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Localized & non-localized quantity

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Old   September 25, 2013, 23:32
Default Localized & non-localized quantity
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Hi friends;

I read the book about turbulence in which it is mentioned that U (velocity) is a non-localized quantity, whereas vorticity is a localized quantity. Does anyone know that what localized quantity means? what characteristics it has? and also the differences between these two type quantities?

thanks in advance.
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Old   September 26, 2013, 23:19
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The concept in discussion is what is called a local or a non-local property of a field. That means that, if the property in discussion is local, its value can be defined in each point of a field and its value only depends on the values of other properties/variables in the point of study or observation. In other words, everything is locally determined by the values in each point.

A non-local property of a field is that where its value in each point in the field depends on the values of properties or variables all over the space where the field is defined. Due to the fact that for an incompressible fluid, the pressure field satisfies a Laplace equation with a source term (Poissons equation), it is possible to formally solve the pressure field as a function of the source term by means of the Biot-Savart law (really it is a Green's function). The result is an integral over all the definition space of the pressure field and the value of the pressure at each point depends on values of other properties/variables all over this definition space. Therefore, pressure is a non-local variable and so is velocity since it depends on the gradient of pressure, the gradient of this volume integral over the definition space. The vorticity equation has not a direct dependence on pressure and, therefore, vorticity is a local variable.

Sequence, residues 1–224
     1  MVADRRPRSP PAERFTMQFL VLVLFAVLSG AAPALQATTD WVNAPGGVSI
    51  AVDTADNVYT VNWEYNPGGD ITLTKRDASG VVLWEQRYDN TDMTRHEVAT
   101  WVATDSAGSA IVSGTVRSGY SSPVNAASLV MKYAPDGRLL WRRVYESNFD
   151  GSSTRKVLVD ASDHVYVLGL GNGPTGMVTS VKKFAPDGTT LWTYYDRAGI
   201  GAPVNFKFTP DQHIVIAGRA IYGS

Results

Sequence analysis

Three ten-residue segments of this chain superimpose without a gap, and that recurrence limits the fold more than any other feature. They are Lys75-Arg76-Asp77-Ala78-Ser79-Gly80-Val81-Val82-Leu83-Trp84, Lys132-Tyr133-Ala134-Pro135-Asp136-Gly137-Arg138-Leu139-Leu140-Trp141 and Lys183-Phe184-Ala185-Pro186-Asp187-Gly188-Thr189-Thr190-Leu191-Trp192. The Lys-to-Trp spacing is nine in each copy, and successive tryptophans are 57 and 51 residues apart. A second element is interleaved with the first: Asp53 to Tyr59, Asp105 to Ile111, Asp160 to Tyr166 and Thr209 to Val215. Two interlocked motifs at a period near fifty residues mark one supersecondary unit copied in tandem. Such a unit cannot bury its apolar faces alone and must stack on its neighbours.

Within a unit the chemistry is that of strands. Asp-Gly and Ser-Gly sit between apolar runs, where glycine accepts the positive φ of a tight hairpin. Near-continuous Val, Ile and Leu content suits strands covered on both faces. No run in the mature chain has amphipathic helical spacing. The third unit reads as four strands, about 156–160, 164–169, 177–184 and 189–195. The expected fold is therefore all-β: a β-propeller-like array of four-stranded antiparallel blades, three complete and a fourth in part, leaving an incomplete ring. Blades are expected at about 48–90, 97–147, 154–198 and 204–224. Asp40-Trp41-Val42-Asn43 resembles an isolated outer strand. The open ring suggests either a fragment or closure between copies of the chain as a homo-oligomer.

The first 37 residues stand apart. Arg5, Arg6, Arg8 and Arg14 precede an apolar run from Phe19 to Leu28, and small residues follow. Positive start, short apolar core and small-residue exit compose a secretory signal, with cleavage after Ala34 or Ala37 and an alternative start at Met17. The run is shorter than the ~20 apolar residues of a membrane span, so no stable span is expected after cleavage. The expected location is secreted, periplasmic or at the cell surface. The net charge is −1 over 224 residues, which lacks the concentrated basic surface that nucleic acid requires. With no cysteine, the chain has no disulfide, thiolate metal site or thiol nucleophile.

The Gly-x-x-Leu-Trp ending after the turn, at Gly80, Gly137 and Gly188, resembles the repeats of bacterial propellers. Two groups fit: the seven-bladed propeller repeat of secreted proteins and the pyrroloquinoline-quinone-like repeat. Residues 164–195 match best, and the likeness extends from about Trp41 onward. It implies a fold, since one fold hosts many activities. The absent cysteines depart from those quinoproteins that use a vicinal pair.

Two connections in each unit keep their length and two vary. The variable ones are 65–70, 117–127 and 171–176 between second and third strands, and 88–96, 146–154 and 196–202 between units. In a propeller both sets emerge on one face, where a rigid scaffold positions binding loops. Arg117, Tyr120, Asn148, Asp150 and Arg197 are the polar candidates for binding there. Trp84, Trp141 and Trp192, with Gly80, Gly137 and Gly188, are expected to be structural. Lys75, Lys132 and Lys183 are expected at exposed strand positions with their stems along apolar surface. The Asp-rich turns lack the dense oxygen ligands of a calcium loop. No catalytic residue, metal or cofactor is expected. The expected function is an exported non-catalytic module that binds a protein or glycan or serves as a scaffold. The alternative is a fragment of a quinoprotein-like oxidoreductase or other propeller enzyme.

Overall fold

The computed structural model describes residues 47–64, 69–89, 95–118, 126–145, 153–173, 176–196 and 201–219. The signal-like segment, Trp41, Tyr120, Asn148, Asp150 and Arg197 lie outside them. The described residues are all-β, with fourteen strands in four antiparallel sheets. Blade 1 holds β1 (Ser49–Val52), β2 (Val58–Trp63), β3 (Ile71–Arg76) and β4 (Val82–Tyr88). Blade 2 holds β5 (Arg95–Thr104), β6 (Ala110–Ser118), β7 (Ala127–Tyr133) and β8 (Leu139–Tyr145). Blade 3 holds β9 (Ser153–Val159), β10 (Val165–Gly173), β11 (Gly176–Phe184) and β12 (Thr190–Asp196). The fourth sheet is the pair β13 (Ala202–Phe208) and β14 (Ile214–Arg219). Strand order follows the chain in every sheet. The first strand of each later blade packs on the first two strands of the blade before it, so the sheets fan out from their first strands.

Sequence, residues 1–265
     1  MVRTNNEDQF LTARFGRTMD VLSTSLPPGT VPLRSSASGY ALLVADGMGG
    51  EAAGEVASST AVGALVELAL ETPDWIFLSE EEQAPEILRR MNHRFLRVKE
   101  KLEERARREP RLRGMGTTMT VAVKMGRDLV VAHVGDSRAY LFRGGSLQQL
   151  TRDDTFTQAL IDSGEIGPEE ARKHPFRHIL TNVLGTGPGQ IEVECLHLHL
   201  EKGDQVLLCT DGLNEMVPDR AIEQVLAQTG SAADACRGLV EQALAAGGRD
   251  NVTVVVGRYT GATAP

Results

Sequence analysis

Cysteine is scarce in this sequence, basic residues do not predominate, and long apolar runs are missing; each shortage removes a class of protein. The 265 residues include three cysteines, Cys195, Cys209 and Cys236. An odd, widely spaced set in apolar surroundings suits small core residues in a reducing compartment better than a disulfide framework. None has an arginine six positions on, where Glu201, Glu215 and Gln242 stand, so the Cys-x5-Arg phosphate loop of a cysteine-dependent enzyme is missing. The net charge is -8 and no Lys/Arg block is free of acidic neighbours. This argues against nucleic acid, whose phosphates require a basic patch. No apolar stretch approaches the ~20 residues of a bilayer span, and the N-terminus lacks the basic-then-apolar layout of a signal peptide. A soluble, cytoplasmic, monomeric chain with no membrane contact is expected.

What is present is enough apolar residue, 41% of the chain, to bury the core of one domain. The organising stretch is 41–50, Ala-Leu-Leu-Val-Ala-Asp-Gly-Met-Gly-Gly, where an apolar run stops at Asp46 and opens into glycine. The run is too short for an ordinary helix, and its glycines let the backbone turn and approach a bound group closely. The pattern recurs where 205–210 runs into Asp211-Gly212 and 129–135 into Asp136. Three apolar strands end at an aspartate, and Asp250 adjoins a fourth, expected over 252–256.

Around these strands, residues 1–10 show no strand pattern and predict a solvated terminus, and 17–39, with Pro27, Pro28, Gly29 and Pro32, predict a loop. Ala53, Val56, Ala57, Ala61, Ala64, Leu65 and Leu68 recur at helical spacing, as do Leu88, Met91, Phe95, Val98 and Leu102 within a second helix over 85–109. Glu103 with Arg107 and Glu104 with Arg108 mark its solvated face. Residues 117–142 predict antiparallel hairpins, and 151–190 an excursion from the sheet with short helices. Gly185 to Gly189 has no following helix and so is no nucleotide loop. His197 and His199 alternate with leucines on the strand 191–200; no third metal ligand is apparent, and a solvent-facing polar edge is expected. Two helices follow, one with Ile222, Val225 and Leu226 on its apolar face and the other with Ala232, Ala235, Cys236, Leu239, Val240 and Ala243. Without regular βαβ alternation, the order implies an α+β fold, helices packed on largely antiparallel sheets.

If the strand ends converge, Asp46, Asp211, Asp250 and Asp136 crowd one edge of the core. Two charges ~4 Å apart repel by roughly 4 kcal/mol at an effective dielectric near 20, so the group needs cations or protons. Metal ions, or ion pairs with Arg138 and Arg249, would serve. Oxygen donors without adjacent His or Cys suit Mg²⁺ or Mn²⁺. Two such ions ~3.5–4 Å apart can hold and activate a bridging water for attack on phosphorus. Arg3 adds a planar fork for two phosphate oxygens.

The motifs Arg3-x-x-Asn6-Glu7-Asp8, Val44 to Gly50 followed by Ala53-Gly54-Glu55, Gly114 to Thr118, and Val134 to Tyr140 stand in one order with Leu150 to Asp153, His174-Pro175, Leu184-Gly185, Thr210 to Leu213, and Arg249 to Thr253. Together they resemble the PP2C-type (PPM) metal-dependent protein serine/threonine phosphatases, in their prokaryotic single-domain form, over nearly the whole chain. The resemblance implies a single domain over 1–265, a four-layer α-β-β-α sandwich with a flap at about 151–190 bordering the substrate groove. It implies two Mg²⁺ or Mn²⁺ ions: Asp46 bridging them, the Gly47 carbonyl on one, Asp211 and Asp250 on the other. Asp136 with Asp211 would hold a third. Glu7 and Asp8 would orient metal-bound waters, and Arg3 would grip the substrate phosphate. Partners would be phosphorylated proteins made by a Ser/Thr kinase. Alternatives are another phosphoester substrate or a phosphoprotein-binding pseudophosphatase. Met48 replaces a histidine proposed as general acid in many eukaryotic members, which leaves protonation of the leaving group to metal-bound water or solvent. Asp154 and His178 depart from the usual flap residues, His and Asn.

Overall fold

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Old   September 27, 2013, 03:46
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I suppose that the mathematical classification of a PDE can also be considered... hyperbolic and parabolic equations have real characteristic curves and the properties depends only upon specific portion of the domaina. Elliptic equations, such as the pressure equation, have no real characteristic curves so that the dependence is upon the whole integration domain.
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Old   September 28, 2013, 03:27
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Quote:
Originally Posted by FMDenaro View Post
I suppose that the mathematical classification of a PDE can also be considered... hyperbolic and parabolic equations have real characteristic curves and the properties depends only upon specific portion of the domaina. Elliptic equations, such as the pressure equation, have no real characteristic curves so that the dependence is upon the whole integration domain.
Dear FMDenaro;
thank you for your comment. I thought about your opinion, but I think it can not be governed for all equation. for example, vorticity equation (D omega/D t=(Omega.Grad) U+no (Laplacian Omega)) which is elliptic, but vorticity is local quantity. do you think so?
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Old   September 28, 2013, 03:31
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Quote:
Originally Posted by mb.pejvak View Post
Dear FMDenaro;
thank you for your comment. I thought about your opinion, but I think it can not be governed for all equation. for example, vorticity equation (D omega/D t=(U.Grad) Omega-no (Laplacian Omega)) which is elliptic, but vorticity is local quantity. do you think so?

Vorticity equation is not elliptic in the unsteady formulation
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Old   September 28, 2013, 22:15
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Quote:
Originally Posted by FMDenaro View Post
Vorticity equation is not elliptic in the unsteady formulation
thank you for the point. you are right, but how can explain U as a non-localized quantity based on its equation. NS can be parabolic and hyperbolic, but based on what I understand U is non-localized. is it only because of pressure gradient in NS equation?
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